2.3 Who is involved in identifying dyslexia?

Everyone has the skills and abilities to recognise early signs of dyslexia in children at all stages, and take appropriate action in response. In Scotland pupil support begins with the class teacher. However this does not mean that class teachers are responsible for the formal identification of dyslexia. It means they play an important role in the initial stages and the continuing monitoring and assessment of learning – as they do for all their pupils.

It is the responsibility of all who work with children to respond appropriately to their needs. Recognising early signs of difficulties and adapting learning and teaching approaches are a regular part of the daily routine for teachers supporting all children in an educational environment. For those who may have additional learning needs such as those arising from dyslexia, it is important that these needs are met in the best possible way by accurate and timely identification.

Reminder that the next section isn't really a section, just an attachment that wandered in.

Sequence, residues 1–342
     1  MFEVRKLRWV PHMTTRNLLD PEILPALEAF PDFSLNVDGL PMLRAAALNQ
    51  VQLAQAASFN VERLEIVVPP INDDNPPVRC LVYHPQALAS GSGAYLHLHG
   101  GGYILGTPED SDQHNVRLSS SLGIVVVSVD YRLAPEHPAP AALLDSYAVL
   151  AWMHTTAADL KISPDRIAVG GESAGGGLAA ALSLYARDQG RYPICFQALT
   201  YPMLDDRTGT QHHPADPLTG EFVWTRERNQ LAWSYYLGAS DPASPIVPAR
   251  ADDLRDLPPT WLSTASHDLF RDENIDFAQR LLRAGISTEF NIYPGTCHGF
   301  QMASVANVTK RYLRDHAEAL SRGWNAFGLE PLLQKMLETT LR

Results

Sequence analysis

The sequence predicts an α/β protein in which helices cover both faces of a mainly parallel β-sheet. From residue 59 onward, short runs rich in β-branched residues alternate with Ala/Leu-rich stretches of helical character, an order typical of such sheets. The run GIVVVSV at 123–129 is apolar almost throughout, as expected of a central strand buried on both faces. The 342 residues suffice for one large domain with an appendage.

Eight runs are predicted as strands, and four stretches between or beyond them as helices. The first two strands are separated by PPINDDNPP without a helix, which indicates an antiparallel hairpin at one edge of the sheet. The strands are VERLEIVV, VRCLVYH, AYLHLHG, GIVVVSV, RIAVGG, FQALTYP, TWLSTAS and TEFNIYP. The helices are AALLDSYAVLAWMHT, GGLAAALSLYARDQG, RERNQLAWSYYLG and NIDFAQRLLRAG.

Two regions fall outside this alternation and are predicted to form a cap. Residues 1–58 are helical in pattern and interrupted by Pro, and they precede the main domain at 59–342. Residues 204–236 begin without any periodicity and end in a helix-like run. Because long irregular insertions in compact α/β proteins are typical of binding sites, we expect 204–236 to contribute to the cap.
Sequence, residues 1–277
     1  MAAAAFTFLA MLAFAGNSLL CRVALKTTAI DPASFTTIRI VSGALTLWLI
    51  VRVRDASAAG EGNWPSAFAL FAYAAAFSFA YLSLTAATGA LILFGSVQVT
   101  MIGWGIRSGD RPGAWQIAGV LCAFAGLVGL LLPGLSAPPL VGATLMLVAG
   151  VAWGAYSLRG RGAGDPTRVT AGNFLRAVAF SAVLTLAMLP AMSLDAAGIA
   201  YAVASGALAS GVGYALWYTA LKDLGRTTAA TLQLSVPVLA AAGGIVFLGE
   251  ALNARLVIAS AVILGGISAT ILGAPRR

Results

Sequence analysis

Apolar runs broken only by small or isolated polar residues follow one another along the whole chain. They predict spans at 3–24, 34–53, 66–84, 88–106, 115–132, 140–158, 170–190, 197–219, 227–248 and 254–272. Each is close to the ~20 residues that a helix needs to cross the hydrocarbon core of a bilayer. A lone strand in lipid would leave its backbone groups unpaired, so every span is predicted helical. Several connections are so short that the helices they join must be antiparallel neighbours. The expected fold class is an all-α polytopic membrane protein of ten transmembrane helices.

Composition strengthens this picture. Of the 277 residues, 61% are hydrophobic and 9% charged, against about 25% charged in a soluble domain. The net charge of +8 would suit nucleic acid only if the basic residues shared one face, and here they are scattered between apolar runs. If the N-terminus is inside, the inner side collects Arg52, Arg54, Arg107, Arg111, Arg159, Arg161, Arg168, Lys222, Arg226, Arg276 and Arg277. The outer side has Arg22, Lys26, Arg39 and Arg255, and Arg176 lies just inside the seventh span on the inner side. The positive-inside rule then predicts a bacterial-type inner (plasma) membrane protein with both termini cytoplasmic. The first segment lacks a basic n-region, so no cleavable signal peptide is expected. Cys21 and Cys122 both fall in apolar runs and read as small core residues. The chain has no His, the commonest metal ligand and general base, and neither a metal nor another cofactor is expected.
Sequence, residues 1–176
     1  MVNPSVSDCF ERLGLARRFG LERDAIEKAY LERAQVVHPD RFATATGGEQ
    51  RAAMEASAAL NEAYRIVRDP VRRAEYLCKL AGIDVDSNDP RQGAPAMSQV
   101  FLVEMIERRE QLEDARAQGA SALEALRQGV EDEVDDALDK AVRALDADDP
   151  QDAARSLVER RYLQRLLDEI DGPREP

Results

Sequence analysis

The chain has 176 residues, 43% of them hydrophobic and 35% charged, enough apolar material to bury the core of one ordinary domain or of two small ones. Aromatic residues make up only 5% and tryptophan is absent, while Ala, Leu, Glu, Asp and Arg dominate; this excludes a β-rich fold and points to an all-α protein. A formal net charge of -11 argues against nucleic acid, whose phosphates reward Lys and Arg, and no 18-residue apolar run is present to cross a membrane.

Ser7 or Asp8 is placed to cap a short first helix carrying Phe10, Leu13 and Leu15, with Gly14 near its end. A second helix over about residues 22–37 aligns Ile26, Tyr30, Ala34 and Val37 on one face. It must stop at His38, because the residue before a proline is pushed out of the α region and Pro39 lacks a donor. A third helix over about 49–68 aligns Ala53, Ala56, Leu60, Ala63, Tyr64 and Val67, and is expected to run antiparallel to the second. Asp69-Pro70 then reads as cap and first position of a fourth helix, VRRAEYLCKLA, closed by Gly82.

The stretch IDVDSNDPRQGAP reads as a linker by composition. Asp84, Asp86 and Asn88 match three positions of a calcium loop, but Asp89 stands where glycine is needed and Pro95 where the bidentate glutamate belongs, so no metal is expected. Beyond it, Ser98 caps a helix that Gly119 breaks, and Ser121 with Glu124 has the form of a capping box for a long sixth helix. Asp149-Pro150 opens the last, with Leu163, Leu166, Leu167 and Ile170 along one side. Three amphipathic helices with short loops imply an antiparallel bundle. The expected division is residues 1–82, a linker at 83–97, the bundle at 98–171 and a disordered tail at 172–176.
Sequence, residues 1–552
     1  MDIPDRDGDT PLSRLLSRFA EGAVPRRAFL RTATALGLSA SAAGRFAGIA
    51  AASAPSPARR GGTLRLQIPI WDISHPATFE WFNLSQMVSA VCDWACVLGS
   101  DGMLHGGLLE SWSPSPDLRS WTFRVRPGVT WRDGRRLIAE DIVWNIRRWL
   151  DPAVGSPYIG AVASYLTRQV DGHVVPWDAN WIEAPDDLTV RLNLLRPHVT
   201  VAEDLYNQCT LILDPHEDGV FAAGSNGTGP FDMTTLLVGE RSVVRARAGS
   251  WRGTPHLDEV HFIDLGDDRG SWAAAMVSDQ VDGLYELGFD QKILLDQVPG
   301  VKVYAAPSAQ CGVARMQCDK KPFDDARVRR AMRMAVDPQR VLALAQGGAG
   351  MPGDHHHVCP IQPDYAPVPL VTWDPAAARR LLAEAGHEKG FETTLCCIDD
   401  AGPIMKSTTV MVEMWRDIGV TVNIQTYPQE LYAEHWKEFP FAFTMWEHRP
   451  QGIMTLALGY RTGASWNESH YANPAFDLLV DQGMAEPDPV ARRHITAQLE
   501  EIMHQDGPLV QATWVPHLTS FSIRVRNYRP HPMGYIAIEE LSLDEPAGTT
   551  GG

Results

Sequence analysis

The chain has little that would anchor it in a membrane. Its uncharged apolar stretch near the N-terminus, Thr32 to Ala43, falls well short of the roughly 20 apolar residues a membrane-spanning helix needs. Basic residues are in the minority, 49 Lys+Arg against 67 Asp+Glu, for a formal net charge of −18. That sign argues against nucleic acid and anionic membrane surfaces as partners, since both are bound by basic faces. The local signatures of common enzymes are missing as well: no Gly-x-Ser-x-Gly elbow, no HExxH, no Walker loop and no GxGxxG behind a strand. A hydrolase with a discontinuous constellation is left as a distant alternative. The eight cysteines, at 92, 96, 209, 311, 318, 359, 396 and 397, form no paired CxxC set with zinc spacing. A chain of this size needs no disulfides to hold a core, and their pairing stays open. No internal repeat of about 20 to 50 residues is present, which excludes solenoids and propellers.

The identification of dyslexia is a collaborative process. A range of professionals may be involved in the identification process over a period of time and working together collaboratively will support the identification and the needs of the child/young person. The role and views of the parents, carers, child or young person are very important. Parents, carers or someone else involved with the family (e.g. social worker, health visitor) may have brought concerns to the teacher's notice in the first instance.

Figure 10 Collaborative assessment

2.2 How is Dyslexia identified?

3 Enquiry and research